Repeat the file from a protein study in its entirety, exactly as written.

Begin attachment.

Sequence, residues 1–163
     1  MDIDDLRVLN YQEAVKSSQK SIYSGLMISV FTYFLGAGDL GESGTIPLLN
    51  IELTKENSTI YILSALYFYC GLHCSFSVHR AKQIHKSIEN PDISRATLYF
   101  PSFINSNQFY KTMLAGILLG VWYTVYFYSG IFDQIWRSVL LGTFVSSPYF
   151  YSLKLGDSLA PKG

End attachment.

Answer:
Sequence, residues 1–163
     1  MDIDDLRVLN YQEAVKSSQK SIYSGLMISV FTYFLGAGDL GESGTIPLLN
    51  IELTKENSTI YILSALYFYC GLHCSFSVHR AKQIHKSIEN PDISRATLYF
   101  PSFINSNQFY KTMLAGILLG VWYTVYFYSG IFDQIWRSVL LGTFVSSPYF
   151  YSLKLGDSLA PKG